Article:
Today

Today in journalism we were going over review questions for the kids’ Citizen Kane test, and we discussed what made the Susan Alexander character change from a sweet even-tempered happy person to the screeching shrew she is half-way through. So I told my story:
In 8th grade my math teacher informed me I’d never be able to do math. A couple months into the year he asked me the answer to a problem. I said I didn’t know, so he had me walk to the front of the room and write question out on the chalk board. Then he told me to stand there until I could answer the question.
I distinctly remember the day. I was sick and it was cold. I sneezed and got snot all over my hand, but he wouldn’t give me a Kleenex, and he wouldn’t let me sit down. For an entire class period I looked at the board and tried to figure out the answer by yellow chalk osmosis, but no luck.  My friends were trying to signal answers to me in sign language, but my eyes were too blurry from my cold and from crying.
The next year I had the BEST MATH TEACHER EVER. Later he even won the best teacher in the state of Texas. Mr. Brown explained that I had a mental block where numbers were concerned, and he was right. Any time it came time to do a math test, I was lost. I could’ve done the problems a million times in a million ways, but when that test landed on my desk, I was lost. The numbers would blur, my breath would catch in my chest, I’d start shaking. That eighth grade teacher was right. I’d never be able to do math. Mr. Brown would call me to his desk and take my test and ask me step by step what to do. He wouldn’t give me the answer. He made me tell him what to do. Eventually, I’d get the answer and go back to my desk where once again, I was lost. To this day numbers cause me problems. I took four years of French at University to avoid ONE college math class. A short while before I graduated I took college math to prove to myself that the SOB teacher I had in eighth grade was wrong, but it took YEARS for me to have the confidence to do it. And even though I took and passed that class, I still freak out if I see a bunch of numbers and I’m asked to solve a problem using them.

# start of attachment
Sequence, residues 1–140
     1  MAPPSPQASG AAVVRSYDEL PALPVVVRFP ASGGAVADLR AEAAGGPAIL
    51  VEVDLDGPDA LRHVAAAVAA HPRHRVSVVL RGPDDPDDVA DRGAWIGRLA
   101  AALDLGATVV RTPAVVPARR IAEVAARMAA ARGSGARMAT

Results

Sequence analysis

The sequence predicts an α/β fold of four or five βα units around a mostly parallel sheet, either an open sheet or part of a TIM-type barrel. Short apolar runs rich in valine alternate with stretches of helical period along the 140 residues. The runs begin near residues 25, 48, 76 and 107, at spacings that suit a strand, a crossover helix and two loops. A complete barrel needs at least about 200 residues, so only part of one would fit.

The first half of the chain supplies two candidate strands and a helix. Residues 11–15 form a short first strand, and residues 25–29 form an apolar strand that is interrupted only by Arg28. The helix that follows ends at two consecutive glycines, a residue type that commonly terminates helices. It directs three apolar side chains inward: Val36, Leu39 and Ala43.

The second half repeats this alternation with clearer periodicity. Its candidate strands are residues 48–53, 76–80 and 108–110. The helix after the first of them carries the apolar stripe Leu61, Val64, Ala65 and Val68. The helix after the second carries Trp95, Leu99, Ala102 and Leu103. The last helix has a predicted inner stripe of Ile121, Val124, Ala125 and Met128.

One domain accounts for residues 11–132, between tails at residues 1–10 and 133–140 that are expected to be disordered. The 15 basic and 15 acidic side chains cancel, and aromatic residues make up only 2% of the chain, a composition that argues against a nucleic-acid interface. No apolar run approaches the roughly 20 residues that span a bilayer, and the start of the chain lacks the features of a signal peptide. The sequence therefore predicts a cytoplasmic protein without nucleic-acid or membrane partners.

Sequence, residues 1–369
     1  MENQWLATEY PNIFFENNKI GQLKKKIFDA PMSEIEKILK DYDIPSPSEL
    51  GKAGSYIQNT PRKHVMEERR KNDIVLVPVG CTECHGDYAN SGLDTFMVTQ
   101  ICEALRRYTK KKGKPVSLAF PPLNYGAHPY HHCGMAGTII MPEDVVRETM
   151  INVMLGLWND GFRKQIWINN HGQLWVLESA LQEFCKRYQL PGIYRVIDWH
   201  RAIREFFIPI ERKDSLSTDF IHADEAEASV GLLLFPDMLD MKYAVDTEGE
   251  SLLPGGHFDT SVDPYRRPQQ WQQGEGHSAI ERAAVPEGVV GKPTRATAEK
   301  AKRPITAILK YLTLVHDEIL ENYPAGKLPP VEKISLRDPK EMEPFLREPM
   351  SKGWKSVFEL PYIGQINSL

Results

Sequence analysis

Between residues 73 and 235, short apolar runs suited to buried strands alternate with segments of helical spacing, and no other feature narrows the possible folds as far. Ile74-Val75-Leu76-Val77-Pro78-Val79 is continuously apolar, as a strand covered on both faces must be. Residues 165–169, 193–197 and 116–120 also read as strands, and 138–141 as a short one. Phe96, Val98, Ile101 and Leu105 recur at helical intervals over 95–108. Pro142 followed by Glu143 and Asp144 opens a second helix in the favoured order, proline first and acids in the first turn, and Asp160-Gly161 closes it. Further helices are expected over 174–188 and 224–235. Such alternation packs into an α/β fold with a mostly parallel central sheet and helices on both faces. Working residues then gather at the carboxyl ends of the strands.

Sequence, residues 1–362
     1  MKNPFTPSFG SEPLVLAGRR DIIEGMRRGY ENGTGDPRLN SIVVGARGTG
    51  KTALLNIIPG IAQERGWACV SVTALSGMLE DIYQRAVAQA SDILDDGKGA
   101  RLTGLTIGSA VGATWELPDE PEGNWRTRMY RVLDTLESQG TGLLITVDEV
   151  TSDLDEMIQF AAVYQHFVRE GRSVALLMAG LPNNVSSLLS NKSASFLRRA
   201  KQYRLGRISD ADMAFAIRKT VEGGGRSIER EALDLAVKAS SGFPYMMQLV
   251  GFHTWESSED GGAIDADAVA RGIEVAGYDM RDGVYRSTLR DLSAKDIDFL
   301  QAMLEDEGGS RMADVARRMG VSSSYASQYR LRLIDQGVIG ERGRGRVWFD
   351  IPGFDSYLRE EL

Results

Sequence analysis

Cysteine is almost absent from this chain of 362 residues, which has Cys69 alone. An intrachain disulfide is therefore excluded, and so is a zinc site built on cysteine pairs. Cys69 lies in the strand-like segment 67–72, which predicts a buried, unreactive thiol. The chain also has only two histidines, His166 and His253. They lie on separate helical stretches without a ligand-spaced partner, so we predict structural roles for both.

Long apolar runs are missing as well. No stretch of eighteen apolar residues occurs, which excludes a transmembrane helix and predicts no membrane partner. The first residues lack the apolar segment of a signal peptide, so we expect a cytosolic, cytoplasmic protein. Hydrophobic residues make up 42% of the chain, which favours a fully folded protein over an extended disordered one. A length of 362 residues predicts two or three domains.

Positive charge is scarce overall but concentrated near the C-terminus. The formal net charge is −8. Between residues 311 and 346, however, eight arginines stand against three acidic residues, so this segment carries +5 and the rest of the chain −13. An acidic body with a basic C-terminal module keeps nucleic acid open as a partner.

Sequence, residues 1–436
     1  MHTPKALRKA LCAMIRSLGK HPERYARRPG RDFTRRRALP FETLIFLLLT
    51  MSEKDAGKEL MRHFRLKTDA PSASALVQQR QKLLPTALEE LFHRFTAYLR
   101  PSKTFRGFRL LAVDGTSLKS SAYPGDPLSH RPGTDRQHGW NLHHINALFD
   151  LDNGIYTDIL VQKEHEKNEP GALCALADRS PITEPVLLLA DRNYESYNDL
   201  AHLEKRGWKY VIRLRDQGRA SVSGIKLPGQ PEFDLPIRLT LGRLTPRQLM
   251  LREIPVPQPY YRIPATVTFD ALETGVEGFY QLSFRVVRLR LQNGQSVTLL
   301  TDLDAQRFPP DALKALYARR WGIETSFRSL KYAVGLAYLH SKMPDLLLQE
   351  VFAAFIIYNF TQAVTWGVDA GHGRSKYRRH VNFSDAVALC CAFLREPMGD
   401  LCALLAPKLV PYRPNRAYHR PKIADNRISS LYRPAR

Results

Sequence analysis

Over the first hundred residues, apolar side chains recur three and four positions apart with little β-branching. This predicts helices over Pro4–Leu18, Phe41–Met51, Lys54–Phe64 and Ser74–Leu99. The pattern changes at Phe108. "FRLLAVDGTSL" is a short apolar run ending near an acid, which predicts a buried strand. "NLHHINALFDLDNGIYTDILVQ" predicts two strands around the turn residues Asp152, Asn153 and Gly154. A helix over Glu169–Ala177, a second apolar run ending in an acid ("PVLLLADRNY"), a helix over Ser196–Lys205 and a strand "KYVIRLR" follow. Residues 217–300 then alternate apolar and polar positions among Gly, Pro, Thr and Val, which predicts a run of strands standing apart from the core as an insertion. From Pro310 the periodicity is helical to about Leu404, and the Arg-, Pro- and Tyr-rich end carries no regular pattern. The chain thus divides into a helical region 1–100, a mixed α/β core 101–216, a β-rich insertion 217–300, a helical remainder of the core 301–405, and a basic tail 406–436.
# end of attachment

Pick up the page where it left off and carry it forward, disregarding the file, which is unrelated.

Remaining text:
Then I asked how many of them have something they feel like that about. Something that scares the crap out of them to that extent. 100% of them raised their hands.
So I pointed out that that was what the character Susan Alexander had to live with every day for years. They totally understood.
Later we talked about why some teachers don’t get it when they don’t "get it." I told them research shows most teachers were great students. They never struggled with school, so they don’t get us when we do. I try hard to be a teacher who does get it, but sometimes I mess up. Like this year when I passed out an essay test and one of my kids asked what the word heroic meant, and my response was "well obviously you don’t want to answer that question." I said that to her in front of the entire class, and ever single person in the class laughed, and I was slammed back to that moment in eighth grade standing in front of that stupid green chalkboard. I immediately apologized and showed her the dictionaries in the room, and then I told all the kids they should have a small dictionary with them all the time so they can look up words they don’t know when they’re reading. It was the first time they’d been given that advice. Strange. I learned that trick in third grade.

A couple years ago I toyed with the idea of removing Citizen Kane from my curriculum, but I love the movie so much because of its depth. The discussion we had today in class has sealed the deal. Kane’s not going anywhere.

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